Sunday, February 7, 2010
Artist Anne Truitt (1921-2004) was way ahead of the game. Associated with minimalist and color field artists like Morris Lewis and Kenneth Noland, and making work that anticipated the works of Donald Judd and Ellsworth Kelly, Anne was a force of her time in many respects. Yet, while reading two of her published journals/autobiographies, Turn and Daybook, I was struck by how different she was in many ways from that era of masculine sculpture. Her books intricately interweave a wonderful life and personality of conflicting hard and soft edges.
Anne was born into an upper middle class Baltimore family and was the third generation of well educated women in her family. She attended Bryn Mawr, majored in psychology, and worked for a short time as a nurse. There is something so different in this generation of women, the formal and proper nature of her writing was strikingly different from any other autobiography I've read. Yet, the effort it took for a woman to carve out her own place in that world was unique and I think it took a certain type of woman to be so self avowed as to make a go at it. Another interesting dichotomy was her relationship to this minimal "masculine" practice of art yet through a decidedly unashamed feminine perspective. She compares looking at a newly finished sculpture to seeing her children for the first time - looking at something you've created and recognizing it because its been in you for quite some time. Anne "spends time" with her works - really grooving (though she would never use that word) on the colors of the sun setting in her studio.... drawing inspiration from nature and light. She runs out of money at one point and is using her old baby changing table for a drawing table. And yet she is hard as nails at the same time- Clement Greenberg said that her piece Hardcastle "scared the shit out of him". Anne was also showing at the Whitney, getting Guggenheim Fellowships, and heading up the Yaddo residency for a while. Greenberg called her one of the DC Three with Kenneth Noland and Morris Lewis.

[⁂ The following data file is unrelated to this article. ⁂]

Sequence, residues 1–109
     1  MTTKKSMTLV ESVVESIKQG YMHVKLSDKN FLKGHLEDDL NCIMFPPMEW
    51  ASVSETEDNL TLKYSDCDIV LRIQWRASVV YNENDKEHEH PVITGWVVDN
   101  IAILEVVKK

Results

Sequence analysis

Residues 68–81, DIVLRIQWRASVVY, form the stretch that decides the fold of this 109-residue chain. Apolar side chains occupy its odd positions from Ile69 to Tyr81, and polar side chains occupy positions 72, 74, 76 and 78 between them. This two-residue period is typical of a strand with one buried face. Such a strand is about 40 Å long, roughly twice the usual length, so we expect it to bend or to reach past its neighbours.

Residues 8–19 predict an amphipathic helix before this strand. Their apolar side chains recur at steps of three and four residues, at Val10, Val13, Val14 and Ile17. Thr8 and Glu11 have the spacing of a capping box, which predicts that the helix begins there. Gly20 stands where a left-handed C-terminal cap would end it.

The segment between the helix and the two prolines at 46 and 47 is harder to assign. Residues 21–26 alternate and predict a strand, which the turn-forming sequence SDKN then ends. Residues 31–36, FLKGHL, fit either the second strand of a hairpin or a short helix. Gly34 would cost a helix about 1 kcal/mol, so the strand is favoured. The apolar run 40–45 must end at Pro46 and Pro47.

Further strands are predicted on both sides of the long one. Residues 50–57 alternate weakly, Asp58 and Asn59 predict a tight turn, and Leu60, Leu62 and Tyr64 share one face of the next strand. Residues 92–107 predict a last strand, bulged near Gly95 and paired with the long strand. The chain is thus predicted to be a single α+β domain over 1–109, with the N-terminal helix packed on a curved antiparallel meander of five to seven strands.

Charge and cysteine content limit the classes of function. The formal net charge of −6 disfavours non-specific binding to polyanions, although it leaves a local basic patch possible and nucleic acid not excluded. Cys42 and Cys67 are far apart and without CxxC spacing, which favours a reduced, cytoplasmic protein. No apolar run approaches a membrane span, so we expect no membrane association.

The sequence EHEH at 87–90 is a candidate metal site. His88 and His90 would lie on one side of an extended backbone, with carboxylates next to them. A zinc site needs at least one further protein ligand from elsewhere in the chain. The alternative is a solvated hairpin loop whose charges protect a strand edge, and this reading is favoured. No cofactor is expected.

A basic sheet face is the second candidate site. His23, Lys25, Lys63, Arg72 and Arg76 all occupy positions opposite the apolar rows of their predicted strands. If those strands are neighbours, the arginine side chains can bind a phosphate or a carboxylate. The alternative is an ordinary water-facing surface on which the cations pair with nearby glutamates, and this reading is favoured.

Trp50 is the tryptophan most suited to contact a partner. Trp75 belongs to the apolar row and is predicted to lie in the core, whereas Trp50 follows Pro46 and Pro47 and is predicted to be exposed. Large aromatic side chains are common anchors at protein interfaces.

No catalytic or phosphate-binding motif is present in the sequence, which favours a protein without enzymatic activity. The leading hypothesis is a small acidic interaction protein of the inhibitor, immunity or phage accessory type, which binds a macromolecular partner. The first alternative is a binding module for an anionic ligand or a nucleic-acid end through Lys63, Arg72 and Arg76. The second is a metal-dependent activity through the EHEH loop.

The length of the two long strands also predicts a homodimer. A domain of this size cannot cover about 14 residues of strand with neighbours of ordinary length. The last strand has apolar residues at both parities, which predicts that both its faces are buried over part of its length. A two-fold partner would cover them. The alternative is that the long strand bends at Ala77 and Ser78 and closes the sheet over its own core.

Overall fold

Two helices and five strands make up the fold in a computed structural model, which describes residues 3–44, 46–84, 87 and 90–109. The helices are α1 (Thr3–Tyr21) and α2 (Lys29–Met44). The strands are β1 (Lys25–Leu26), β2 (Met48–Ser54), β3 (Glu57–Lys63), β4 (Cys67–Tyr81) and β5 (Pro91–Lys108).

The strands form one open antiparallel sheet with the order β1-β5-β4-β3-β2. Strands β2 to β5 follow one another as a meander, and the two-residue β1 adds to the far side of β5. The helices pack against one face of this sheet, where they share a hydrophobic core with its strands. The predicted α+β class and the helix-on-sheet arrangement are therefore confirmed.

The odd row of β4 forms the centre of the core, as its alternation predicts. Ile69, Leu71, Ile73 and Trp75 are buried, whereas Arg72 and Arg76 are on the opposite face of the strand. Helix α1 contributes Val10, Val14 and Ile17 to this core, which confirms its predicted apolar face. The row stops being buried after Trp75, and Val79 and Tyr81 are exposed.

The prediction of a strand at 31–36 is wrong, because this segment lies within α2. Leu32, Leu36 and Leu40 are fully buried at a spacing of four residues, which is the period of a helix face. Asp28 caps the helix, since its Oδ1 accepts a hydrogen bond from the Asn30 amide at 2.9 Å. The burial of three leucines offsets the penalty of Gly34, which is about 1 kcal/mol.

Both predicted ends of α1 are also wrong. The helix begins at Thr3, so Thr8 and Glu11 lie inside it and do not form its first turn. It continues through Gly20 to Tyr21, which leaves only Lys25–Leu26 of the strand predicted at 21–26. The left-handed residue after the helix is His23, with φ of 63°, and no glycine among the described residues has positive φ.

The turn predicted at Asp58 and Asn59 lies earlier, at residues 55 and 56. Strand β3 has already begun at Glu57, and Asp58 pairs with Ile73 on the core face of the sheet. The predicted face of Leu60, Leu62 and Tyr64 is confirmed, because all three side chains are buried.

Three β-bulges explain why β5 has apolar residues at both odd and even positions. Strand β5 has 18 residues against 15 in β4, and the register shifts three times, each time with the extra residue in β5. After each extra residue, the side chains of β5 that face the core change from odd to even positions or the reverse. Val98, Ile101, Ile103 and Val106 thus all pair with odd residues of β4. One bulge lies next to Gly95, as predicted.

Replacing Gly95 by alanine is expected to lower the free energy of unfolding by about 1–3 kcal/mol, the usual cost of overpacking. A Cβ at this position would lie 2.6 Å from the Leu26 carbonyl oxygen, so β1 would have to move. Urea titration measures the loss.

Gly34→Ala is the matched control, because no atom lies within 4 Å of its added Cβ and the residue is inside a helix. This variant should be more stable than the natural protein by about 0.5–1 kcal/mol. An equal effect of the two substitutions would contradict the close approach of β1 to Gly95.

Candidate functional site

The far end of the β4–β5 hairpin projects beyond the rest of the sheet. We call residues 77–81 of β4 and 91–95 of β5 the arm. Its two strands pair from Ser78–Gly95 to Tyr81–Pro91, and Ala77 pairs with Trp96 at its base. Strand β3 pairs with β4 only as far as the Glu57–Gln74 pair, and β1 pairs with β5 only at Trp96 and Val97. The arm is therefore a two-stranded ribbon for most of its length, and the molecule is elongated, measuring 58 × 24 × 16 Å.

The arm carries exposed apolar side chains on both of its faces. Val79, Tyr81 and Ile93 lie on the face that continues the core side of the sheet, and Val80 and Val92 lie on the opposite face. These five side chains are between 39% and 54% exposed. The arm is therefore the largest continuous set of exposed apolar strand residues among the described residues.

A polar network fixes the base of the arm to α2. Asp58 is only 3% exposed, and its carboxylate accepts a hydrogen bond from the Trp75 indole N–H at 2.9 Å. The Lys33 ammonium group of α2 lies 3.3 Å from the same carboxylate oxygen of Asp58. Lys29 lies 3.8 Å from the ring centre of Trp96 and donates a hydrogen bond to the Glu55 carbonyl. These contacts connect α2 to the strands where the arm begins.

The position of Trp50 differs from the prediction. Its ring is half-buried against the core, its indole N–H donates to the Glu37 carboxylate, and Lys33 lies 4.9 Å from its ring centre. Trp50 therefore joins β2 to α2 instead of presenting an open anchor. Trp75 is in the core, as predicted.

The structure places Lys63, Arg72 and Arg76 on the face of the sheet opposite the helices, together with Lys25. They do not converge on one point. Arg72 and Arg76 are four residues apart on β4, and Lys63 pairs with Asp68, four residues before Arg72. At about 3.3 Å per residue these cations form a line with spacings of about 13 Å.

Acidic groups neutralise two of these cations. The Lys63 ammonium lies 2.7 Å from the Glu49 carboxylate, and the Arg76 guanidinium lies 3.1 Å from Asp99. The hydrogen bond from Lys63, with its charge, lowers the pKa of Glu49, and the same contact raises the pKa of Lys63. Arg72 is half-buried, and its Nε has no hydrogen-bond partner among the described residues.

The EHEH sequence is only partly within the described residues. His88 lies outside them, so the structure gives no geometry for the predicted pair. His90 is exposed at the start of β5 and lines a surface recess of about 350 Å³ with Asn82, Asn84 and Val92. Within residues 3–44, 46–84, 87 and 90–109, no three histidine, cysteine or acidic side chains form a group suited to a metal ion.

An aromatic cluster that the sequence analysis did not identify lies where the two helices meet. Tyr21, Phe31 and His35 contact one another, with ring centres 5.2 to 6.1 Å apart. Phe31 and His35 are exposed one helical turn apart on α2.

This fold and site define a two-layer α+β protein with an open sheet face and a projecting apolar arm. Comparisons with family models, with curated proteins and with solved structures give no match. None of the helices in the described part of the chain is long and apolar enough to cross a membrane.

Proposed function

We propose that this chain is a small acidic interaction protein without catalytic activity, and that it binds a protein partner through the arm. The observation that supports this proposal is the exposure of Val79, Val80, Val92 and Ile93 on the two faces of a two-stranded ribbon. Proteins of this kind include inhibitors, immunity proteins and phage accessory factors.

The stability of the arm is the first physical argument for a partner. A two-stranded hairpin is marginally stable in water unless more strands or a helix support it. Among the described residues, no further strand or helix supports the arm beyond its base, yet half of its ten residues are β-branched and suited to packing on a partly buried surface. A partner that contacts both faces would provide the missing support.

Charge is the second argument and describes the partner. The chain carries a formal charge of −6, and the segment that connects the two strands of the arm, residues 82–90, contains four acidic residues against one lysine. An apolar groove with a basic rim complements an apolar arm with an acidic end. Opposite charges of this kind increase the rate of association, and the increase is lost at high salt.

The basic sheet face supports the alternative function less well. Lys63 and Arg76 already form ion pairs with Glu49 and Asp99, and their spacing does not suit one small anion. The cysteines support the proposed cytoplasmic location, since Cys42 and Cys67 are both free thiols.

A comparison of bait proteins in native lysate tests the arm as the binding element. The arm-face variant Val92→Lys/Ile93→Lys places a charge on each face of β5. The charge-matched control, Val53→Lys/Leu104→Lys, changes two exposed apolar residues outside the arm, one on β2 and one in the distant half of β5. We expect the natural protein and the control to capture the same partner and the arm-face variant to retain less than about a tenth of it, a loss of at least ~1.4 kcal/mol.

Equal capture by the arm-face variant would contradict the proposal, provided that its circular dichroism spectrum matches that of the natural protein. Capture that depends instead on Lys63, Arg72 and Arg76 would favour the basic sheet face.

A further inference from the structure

Anne believed that color could have psychological vibrations, and the purification of color, as on a piece of art, isolated the experience of the color to a thing instead of an experience. This experienced turned art object way of working said so much about her desire to order and control her surroundings while not giving up her emotional and natural connection to the world around her. Anne Truitt has been getting a late yet very deserved second wave of appreciation with a show at the Hirshhorn Museum in DC and a great write up by Anne Wagner in Artforum. Though she seems to be a bit shoved out of art history texts I think that if she were included we would have an illuminated and more nuanced view of the gendered and contained rules to minimalist art.